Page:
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Varicosities – What Are They and How Can They Be Treated?

Chances are, the term ‘varicosities’ isn’t something that many people have come across, yet it’s a technical term for something that affects around 22 million American women between the ages of 40 and 80 every single year – varicose veins.

What are varicose veins (varicosities) and how do they occur?

A varicosity or varicose vein is a dilated vein that primarily occurs in the lower limbs particularly in the legs. Noticeable by their swollen and enlarged appearance, they are often distinguished by their lumpy, bulging or twisted appearance They may be dark purple or blue in color and typical symptoms include aching, uncomfortable or heavy legs.

So what causes varicosities?

The primary function of any vein is to pump or carry blood from the extremities of the body back to the heart. Each vein contains a vein valve and this ensures that any blood flows in one direction (upwards) back towards the heart.

It’s a bit like a one-way traffic system whereby any blood that is moved around the body does so in the same continual direction. So, when a vein valve malfunctions, gravity can cause blood to flow in the opposite direction. As it does so, it clashes with blood flowing in the correct direction causing a traffic jam or ‘pooling’ of blood in the vein. The end result is something that appears swollen and enlarged.

It’s thought that one cause of weakened vein values is aging. As we age, vein values tend to lose their elasticity and strength – hence the reason why people (primarily women) over the age of 40 are more susceptible to varicose vein problems.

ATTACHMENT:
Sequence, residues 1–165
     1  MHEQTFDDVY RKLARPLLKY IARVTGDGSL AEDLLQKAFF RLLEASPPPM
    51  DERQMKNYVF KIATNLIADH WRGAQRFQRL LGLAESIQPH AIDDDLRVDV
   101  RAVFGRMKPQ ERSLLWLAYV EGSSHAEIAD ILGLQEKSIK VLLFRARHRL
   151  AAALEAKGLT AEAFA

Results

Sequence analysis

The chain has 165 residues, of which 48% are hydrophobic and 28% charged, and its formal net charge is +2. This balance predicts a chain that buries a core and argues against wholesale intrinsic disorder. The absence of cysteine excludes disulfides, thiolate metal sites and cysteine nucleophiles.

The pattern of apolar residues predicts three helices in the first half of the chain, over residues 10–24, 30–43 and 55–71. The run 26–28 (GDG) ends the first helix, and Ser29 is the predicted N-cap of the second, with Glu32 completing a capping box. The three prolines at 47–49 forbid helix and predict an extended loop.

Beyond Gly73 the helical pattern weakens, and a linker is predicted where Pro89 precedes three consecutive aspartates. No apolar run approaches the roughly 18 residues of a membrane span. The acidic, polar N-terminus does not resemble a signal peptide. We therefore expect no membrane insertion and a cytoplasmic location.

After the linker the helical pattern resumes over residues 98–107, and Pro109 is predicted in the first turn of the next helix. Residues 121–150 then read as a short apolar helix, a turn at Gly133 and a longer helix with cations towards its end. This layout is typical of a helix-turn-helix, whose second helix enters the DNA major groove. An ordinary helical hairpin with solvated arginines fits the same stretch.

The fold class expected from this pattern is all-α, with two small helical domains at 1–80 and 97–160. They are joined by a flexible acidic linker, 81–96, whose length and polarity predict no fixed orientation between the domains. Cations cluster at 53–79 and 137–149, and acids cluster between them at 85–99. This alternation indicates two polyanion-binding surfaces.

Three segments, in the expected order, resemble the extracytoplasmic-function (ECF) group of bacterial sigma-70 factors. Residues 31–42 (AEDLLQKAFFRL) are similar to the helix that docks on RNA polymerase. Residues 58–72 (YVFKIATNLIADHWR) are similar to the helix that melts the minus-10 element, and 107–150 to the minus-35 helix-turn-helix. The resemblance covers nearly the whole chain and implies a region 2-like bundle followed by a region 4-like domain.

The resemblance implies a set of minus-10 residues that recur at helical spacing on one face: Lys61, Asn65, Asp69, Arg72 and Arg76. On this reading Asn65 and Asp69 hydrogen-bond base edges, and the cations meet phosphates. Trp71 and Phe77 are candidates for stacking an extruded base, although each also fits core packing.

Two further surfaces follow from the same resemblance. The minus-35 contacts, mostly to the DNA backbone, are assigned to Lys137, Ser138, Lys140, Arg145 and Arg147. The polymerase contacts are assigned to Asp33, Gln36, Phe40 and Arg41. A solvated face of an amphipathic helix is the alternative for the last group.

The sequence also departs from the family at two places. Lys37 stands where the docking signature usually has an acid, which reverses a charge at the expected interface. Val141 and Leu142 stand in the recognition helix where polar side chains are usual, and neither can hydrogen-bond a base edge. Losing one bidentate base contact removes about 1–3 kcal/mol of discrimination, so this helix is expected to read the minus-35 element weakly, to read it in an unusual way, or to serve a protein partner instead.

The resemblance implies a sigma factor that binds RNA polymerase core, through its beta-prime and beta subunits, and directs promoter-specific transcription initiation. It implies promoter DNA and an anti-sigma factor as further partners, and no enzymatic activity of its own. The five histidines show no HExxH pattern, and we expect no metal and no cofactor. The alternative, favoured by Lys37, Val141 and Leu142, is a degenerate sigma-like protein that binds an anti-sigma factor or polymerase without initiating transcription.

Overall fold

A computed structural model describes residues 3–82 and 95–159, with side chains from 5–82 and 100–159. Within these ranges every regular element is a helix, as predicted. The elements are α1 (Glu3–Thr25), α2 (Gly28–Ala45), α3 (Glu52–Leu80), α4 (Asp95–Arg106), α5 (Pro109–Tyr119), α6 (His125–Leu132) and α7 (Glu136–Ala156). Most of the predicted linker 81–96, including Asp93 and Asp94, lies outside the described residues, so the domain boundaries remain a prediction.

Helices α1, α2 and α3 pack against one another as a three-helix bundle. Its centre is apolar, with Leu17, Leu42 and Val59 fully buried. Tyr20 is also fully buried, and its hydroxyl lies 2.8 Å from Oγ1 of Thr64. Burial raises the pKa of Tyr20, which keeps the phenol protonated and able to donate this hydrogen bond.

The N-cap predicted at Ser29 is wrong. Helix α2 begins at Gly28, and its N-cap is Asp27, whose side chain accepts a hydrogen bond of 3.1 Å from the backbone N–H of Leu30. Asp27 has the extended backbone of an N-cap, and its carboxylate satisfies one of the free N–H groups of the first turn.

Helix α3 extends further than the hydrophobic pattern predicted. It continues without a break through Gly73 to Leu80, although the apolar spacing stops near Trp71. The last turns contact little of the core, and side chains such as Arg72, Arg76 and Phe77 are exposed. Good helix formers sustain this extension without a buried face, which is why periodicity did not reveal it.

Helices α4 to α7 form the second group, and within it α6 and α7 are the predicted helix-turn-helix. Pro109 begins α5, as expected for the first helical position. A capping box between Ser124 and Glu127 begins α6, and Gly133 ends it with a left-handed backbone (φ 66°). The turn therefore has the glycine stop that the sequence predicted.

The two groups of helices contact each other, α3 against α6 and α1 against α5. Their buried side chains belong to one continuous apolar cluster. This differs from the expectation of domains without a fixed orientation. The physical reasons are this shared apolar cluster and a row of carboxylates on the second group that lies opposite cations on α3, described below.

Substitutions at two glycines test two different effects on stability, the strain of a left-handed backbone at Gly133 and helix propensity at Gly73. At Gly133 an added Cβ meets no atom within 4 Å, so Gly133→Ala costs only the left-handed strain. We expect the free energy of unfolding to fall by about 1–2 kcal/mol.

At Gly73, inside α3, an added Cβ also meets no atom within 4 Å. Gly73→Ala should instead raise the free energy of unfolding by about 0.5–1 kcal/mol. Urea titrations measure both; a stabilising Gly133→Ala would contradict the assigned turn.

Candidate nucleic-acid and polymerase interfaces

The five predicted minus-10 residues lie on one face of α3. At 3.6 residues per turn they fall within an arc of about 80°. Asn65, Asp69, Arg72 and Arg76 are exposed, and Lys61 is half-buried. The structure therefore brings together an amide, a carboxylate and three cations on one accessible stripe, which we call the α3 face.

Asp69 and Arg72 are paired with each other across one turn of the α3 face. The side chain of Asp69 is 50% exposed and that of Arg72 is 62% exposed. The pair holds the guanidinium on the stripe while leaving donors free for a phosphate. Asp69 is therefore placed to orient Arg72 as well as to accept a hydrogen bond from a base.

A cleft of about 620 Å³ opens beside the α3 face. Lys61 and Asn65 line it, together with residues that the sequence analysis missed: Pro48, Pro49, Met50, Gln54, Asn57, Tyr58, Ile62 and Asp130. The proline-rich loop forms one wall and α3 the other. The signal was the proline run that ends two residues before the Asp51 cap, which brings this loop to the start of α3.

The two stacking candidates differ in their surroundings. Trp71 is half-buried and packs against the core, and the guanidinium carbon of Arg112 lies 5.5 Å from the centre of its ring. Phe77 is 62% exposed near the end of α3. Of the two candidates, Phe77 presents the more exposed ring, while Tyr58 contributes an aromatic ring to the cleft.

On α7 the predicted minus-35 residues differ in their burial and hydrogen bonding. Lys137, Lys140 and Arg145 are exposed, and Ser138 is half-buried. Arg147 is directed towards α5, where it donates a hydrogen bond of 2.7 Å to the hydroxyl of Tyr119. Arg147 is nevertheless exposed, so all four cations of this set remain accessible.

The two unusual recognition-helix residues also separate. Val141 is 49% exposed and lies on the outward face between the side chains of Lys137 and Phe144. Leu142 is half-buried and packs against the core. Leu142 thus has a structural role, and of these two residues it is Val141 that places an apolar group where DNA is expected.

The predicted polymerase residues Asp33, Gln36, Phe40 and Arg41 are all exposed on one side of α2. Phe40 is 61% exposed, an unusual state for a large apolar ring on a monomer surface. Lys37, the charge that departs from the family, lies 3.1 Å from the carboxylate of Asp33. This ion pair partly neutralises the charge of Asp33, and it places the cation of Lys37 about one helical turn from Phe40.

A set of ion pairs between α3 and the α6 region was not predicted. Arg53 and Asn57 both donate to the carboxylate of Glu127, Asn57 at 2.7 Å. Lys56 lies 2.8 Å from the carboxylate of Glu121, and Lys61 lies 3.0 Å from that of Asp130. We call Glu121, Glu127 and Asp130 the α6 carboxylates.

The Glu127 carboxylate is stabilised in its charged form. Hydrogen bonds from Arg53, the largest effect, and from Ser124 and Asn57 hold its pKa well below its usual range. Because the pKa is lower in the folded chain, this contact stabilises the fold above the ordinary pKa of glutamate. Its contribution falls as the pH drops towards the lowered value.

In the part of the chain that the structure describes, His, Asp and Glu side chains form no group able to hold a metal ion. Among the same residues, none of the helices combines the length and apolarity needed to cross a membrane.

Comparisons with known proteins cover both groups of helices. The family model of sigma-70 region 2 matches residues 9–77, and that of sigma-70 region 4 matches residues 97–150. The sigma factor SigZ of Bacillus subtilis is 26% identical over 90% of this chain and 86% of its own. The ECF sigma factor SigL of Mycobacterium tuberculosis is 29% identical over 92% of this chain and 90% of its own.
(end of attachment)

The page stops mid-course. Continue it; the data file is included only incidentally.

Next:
Are varicosities life threatening?

It’s important to understand that varicosities are not in themselves a life-threatening condition. However, if left untreated, then they can go on to cause an array of serious health complications. One study, for example, showed that people with varicose veins are 5 times more likely to develop deep vein thrombosis (DVT).

Other conditions include restless leg syndrome (RSL), May-Thurner Syndrome, and chronic ulceration. Because ulcers don’t heal on their own without medical intervention, they are prone to infection which can result in amputation and even death if not treated. Therefore while there is nothing to be concerned about initially, varicose veins should be considered more than just a cosmetic nuisance, and medical help should be sought in order to treat them.

How do medical professionals treat varicose veins?

The good news is that there are a number of surgical and non-surgical treatments designed to treat both larger and smaller varicosities. Vein ligation and stripping, for example, is a minor surgical technique used to remove larger damaged veins and prevent further complications. While endovenous ablations – otherwise known as laser or radiofrequency treatments, are non-surgical approaches designed to heat-seal the veins shut. Once the vein is sealed it eventually dies and gets reabsorbed harmlessly back into the body.

Smaller veins are typically treated using a process known as sclerotherapy. This process involves incorporating a harmless liquid into the vein via a tiny catheter which, in turn, destroys the vein from the inside. The body will again absorb the dead vein back into the body over a short period of time and blood flow is simply redirected.

Here at the Midwest Institute for Non-Surgical Therapy (MINT), Dr. Goke Akinwande and his team provide the very latest non-surgical methods including endovenous ablations, sclerotherapy and Venaseal treatments to treat a wide range of varicosities using safe, proven and effective methods. Patients are treated in state of the art comfortable treatment rooms at one of four contemporary clinics in the St Louis, Creve Coeur, Bridgeton and Kirkwood areas.

So if you are suffering from varicosities (varicose veins) and would like to find out how they can be removed using comfortable non-surgical treatments, then contact Dr. Akinwande and his team to talk about your options or schedule an appointment online at one of our 5 clinics, including the latest addition in Chicago, IL.

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